Madhavan Nair on the GSLV Failure

Note: I wrote this on my earlier blog hosted as I recovered the text from the WayBack Machine. This post appeared on December 31, 2010 as per the time stamp. I’m trying to collect here again all my old writings spread on various blogs.

Madhavan Nair made a comment to IANS that was carried to many news carriers about the GSLV failure. He made some interesting remarks:

‘On the day of the failure it was announced the connectors relaying the command led to the rocket’s failure. We have revisited and have confirmed that the connectors located between the cryogenic engine and the lower stage (engine) snapped. We have to find why the snapping happened,’ Nair said.

‘As per the data there are no indications of any control command from the onboard computers to the rocket engines,’ he said.

He said simulated experiments will have to be carried out to find out why the connectors got disconnected from the rocket.

‘Whether vibrations or external forces led to the snapping of connectors has to be found out. We will have to conduct simulation experiments to find that out,’ Nair said.

To a query as to why the ISRO was taking a long time to come out with a preliminary report, he said: ‘The preliminary data runs into more than 100 pages even though the flight is of around 50 seconds.’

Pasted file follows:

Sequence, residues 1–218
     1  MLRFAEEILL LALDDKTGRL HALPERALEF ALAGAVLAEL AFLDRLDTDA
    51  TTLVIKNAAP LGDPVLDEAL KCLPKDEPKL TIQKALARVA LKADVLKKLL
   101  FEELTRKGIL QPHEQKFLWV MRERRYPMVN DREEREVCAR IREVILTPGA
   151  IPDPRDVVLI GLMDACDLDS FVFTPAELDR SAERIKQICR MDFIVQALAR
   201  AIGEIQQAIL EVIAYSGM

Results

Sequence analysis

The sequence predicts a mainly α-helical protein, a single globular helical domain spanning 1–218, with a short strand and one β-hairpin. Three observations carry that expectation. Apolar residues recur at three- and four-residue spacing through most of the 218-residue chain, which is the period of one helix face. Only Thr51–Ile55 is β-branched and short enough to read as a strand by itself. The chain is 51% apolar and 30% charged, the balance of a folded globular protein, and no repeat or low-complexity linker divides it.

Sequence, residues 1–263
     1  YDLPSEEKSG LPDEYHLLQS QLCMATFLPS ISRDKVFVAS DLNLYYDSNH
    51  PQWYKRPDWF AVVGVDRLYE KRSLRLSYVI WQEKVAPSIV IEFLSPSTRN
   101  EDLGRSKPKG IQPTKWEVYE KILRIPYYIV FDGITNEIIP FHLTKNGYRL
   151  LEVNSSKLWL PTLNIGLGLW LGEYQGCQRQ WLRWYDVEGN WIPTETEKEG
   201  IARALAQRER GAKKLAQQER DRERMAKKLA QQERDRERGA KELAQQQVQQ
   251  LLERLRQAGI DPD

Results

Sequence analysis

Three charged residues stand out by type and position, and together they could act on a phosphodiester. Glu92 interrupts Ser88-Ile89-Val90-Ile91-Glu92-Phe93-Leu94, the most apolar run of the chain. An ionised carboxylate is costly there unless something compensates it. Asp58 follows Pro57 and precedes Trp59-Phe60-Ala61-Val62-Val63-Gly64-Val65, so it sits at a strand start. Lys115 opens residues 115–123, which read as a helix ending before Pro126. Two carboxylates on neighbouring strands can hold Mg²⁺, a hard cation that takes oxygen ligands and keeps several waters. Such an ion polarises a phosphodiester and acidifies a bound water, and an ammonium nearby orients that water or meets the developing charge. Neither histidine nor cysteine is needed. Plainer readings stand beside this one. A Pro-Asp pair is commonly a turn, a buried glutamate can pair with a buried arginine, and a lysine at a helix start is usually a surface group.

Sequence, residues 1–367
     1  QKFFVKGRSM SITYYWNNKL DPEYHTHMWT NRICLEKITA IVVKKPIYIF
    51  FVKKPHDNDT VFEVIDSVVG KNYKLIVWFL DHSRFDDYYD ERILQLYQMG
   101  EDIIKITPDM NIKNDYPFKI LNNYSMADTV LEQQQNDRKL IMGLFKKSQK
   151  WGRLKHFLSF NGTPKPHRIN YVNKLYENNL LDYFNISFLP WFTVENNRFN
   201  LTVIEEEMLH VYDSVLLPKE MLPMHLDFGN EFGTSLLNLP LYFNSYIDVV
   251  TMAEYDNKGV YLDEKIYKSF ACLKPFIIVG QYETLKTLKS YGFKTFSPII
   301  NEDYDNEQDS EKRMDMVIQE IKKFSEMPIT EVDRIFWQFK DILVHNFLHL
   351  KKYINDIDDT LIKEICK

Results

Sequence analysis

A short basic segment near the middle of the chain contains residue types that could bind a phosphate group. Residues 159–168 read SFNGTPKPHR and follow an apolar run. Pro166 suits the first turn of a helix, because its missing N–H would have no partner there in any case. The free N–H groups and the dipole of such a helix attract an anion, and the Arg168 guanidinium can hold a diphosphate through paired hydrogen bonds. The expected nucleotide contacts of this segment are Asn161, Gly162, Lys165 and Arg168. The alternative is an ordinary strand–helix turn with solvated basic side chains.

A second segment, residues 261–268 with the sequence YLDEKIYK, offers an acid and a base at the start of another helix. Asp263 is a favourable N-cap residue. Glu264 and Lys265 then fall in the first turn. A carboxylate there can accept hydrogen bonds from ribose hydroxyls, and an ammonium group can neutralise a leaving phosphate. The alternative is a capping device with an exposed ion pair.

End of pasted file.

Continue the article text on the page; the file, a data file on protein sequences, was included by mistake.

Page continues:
As written yesterday, the Russians did come out with a report pretty quickly and did another launch after fixing the faulty system on the Proton rocket to give it 12 launches this year – it’s record/year since 2000. If India intends to capture the commercial satellite launch market, its system must also be as flexible. On the question of dummy payloads to test launches, Madhavan Nair responds:

On a suggestion of using a dummy payload instead of a real satellite costing around Rs.150 crore till the ISRO stabilises its heavier rocket, Nair said: ‘The efforts required for both are more or less the same. However, if the satellite is slung into the orbit then it throws up an opportunity to earn higher revenue.’

I am guessing he is merely being optimistic here. He has spoken about what would happen if the satellite/dummy successfully orbits but there is a loss if it does not.

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